“They are charging us for water coming in and going out when it is not going out,” said Mike Sullivan, another resident. “They are charging us for something that doesn’t exist.”
His bill nearly tripled from last summer, he said.
But Aqua Illinois vice president of operations Craig Blanchette said sewer rates based on water volume are “more equitable.”
“People who do not water their grass or live in a one-bedroom apartment are paying their fair share,” he said. “Some people water heavily and that leads to a higher bill.”
Aqua Illinois uses surface water from the Kankakee River, Lake Vermilion, Vermilion River and groundwater from 27 wells, according to its website. Unlike Lake Michigan water systems, Aqua Illinois has not had to impose watering restrictions during this summer’s drought, Blanchette pointed out. But customers still can control their sewer costs by conserving water use, he said. Or those who like to irrigate can install a separate line and separate meter, which he estimated costs $2,000 to $3,000.
Aqua Illinois’ water rates went from $1.63 to $3.27 per 1,000 gallons, plus a monthly service charge of $20.39, up from $11.50. Sewer rates are $3.99 per 1,000 gallons for the first 7,500 gallons, and $2.99 per 1,000 gallons over that, plus a monthly service charge of $31.75, down from $45.55.
The rate increase was Aqua Illinois’ first in 15 years, Blanchette said. During that time, it made more than $10 million in infrastructure improvements to the University Park regional system, which includes Green Garden and Monee townships.
In approving the new rates, the ICC said Aqua Illinois’ previous rates were insufficient to generate the income necessary for it to earn a “fair and reasonable return.” But it did reduce the company’s request for new revenue by $1 million, ICC spokeswoman Beth Bosch said.
“A lot has been required of them by the EPA. They are entitled to recover costs for improvements,” she said.
Aqua Illinois said it sent two letters to customers about the rate increase — in April 2011, when it first sought the increase, and in February, immediately after the ICC approved the increase.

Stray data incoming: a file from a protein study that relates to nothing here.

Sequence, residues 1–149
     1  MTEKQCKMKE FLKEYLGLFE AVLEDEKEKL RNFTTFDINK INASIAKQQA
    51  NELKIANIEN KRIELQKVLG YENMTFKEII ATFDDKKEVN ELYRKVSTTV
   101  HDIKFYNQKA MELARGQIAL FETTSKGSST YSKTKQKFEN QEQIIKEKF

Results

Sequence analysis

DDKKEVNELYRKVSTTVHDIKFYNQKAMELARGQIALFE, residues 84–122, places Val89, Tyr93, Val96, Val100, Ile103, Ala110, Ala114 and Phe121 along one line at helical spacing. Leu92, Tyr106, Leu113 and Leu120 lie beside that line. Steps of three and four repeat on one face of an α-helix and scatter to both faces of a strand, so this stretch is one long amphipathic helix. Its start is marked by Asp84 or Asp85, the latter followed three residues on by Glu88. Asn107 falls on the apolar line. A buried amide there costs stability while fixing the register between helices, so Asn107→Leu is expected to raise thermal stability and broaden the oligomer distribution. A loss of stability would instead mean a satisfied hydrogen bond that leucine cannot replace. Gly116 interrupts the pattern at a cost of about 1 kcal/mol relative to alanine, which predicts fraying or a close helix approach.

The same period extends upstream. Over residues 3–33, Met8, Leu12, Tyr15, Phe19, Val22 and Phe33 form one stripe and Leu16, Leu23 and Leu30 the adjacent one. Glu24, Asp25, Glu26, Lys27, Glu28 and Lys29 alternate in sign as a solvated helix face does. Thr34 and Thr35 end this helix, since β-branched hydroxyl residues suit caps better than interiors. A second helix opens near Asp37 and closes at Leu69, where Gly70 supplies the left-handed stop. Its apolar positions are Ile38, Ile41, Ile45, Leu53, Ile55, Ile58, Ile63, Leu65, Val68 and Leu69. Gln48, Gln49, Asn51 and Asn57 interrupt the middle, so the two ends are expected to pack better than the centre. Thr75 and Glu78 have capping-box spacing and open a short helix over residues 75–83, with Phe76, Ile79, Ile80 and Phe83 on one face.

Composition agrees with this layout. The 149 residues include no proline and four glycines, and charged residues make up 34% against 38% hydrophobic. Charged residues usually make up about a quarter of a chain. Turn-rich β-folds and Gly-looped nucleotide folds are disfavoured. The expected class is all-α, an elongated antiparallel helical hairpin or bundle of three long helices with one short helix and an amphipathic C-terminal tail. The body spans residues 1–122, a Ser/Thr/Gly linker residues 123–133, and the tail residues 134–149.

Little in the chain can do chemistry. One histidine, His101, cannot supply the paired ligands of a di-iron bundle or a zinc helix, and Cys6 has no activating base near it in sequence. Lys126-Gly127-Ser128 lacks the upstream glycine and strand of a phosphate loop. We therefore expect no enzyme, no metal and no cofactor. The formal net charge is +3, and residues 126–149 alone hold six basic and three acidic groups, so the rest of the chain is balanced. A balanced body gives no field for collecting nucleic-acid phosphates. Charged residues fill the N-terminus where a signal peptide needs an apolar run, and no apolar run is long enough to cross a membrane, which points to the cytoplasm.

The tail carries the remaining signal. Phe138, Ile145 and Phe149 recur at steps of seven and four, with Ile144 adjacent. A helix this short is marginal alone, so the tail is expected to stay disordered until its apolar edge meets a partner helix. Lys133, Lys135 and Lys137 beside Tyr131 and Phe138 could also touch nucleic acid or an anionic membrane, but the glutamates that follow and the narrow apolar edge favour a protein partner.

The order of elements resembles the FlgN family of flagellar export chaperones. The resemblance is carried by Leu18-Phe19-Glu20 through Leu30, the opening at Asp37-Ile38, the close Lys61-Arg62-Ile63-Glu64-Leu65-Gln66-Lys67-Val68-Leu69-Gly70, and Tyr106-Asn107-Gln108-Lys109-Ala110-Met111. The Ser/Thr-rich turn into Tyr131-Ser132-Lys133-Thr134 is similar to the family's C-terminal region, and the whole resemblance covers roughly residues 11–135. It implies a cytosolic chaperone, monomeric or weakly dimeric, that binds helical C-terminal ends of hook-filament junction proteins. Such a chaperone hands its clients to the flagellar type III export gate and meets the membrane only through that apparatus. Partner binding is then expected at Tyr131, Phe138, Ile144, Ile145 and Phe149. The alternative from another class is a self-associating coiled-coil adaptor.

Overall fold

Some homeowners said they did not receive it.
Customers also noticed increases in the water customer service fee, the fire protection charge, ICC tax and city utility tax.
Blanchette said those customers living in unincorporated areas should not have been charged a city utility tax — that tax should apply only to village of University Park residents.
Challenging the increase
At least one Aqua Illinois customer — Viscofan USA, a food-casing plant in Danville — is challenging the ICC ruling, saying it is no longer economical to stay with Aqua Illinois, and it will be forced to seek another source for its water.
Bosch said the commission will consider Viscofan’s request on July 20 and vote on it Aug. 15.
“It has raised issues that could affect the rate increase,” Bosch said.
Profits are up for Aqua Illinois’ parent company, Aqua America. It reported net income of $37.9 million for the first quarter of this year, compared to $30.4 million in 2011 — an increase of 25 percent, according to its website.
In Will County, Aqua Illinois serves the village of University Park, portions of the village of Monee, Green Garden and Monee townships, and parts of northeast Crete Township and other unincorporated areas in the northeastern section of the county.
“People are really upset,” said Crete Township Supervisor Gerald Curran, who said he fielded “many, many, many calls” from residents when water bills arrived in the mail.
“It costs $10 to take a shower,” he said.
The township is not involved in water and sewer services, but Curran advised his constituents to petition the ICC or “put a port-a-potty in their driveway.”
“All I can do is say a couple of prayers,” he said.